A blog about political philosophy, focusing on third party politics, as well as radical and anarchist topics. Common topics include political theory, constitutional law and civil liberties, civil rights and interstate commerce, unionism and labor law, wages and currency, taxation and budgets, trade and markets, geopolitics and foreign relations, U.S. electoral politics and election statistics, and the political spectrum.
Sunday, April 20, 2014
In Response to a Question About the P.A.T.R.I.O.T. Act
Written on March 25th, 2011
Snowflake Digitalis asked:
Joe; We're going to start with a softball campaign question. What is
Your stance on the patriot act? Would You have voted for it or
against it?¿ Would you vote to renew it¿?"
former Republican Georgia congressman and former Libertarian Party
presidential candidate Bob Barr, I cannot be certain that I would
have voted against the original bill, because there was a stipulation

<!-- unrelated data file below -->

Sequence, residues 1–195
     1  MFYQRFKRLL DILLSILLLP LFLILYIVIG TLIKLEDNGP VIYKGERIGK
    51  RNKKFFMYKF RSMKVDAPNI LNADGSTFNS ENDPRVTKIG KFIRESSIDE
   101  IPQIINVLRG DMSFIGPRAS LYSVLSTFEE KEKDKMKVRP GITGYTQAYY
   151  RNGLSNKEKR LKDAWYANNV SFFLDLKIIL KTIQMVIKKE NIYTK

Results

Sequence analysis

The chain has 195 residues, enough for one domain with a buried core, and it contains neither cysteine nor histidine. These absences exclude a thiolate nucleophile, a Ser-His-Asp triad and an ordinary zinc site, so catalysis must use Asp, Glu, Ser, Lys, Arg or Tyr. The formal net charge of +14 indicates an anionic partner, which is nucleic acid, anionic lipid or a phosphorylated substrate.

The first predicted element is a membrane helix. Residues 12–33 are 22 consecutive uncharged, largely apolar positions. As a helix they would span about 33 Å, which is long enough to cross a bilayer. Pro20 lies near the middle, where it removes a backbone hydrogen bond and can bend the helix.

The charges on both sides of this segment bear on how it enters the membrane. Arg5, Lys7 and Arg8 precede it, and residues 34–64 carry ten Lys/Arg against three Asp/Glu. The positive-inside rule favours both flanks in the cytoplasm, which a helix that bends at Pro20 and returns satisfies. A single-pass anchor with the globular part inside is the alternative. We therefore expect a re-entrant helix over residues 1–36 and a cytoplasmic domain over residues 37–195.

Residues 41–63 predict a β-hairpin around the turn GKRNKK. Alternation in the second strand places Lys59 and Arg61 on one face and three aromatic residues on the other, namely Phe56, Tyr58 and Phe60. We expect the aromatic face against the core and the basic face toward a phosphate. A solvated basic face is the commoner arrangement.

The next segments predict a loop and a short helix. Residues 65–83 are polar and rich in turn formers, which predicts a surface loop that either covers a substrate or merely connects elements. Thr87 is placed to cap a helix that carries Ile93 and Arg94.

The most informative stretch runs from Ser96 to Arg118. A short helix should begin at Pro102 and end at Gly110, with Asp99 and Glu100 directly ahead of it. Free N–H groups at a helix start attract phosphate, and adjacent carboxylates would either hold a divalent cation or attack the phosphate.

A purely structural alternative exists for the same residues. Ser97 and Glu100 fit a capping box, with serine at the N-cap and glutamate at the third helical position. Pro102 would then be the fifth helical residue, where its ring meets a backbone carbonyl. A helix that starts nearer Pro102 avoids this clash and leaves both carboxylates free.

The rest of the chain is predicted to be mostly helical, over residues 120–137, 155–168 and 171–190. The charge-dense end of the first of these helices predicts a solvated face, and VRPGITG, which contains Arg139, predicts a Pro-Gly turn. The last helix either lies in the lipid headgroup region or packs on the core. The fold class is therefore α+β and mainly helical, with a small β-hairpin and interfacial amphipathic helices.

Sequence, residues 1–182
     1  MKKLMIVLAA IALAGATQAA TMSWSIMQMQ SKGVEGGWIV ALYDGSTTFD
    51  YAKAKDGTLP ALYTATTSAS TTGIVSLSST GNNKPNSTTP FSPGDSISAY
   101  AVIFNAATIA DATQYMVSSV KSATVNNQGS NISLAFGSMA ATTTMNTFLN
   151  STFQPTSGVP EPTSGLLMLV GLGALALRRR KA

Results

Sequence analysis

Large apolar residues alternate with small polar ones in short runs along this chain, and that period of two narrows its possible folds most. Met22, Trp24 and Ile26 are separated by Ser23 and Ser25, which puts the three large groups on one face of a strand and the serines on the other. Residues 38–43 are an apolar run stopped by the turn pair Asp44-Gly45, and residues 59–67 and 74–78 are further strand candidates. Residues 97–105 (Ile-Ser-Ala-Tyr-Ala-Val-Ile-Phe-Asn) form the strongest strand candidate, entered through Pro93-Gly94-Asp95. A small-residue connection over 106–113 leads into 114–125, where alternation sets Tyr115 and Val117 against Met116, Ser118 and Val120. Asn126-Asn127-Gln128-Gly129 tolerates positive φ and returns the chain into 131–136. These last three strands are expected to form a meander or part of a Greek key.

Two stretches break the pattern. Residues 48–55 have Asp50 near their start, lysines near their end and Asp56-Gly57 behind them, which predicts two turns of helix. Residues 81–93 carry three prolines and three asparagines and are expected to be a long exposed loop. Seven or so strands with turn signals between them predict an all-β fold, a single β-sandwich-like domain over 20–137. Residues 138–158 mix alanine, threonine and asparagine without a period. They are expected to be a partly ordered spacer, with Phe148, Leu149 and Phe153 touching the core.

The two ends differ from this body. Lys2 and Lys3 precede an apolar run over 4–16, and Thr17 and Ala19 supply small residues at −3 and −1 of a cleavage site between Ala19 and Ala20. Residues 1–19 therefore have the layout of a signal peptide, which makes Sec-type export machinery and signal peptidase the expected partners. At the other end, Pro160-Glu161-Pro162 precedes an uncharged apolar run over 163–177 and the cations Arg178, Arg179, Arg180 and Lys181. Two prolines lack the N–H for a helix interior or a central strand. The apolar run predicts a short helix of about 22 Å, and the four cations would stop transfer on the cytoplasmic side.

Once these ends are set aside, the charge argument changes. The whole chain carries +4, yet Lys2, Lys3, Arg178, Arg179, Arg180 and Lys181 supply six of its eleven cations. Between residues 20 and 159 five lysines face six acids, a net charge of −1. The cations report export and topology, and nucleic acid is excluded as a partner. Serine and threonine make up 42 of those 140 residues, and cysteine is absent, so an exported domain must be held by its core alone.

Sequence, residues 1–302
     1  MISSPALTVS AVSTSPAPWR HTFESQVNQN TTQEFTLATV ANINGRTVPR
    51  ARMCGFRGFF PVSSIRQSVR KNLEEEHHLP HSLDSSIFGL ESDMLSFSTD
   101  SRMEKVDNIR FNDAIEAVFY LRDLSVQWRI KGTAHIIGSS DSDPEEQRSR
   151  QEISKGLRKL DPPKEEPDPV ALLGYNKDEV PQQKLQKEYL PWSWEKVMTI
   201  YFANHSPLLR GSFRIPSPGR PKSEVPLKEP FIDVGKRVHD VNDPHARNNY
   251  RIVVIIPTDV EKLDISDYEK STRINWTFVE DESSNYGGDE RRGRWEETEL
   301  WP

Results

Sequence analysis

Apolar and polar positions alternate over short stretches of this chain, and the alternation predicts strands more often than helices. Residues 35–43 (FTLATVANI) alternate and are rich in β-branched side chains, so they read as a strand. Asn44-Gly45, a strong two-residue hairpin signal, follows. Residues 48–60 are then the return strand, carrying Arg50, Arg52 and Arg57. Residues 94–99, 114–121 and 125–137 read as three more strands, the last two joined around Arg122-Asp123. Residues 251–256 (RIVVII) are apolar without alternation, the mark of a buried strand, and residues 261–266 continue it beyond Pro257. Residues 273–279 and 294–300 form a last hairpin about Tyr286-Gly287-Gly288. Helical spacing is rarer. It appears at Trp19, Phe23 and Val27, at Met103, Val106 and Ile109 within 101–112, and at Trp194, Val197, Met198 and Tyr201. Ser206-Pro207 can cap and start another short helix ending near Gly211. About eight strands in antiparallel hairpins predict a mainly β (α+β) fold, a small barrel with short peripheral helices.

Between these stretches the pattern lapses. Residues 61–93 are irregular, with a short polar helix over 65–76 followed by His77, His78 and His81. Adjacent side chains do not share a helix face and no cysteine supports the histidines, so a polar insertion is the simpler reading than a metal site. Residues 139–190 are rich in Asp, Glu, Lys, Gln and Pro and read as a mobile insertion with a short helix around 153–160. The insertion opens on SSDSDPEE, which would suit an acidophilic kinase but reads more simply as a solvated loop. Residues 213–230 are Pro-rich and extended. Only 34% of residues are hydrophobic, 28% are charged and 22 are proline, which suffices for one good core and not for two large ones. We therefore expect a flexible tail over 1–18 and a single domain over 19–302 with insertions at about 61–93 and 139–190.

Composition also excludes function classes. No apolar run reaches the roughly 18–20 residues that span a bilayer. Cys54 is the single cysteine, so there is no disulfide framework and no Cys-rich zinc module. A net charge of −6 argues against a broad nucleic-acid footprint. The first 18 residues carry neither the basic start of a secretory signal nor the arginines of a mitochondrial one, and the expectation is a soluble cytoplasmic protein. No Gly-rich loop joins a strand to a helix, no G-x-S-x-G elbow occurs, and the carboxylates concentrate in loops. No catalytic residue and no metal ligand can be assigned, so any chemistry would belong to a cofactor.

that only those House members who voted in favor of the bill would be
permitted to participate in the amendment of it.
that the bill was virtually guaranteed to pass, these facts - and
also the fact that members of the House were only given fifteen
minutes to read the bill - mean the congress was put in a very
awkward position. I would like to think that I would have had enough
principle, courage, and confidence in my own patriotism to criticize
the original bill on its unconstitutionality as well as on the basis
of a lack of transparency.
would always vote against renewing the PATRIOT Act. All searches and
instances of wire-tapping should be illegal unless there is probable
cause and a judge has signed a warrant issuing authorization for such
actions. I do not believe that the need for law enforcement agencies
to gather information quickly and efficiently should ever supersede
the Fifth Amendment.
PATRIOT Act has created a slippery slope in which federal agents are
able to write their own search warrants, just as British police could
write their own warrants during American colonization. These warrants
can now be issued for such frivolous things as invading people's
homes on suspicion of drug possession, and suspicion of involvement
with terrorist organizations, which can be construed to be the case
even when a citizen is merely sympathetic with innocuous, non-violent
Arab organizations which oppose Israel and / or the United States'
belligerent foreign policy."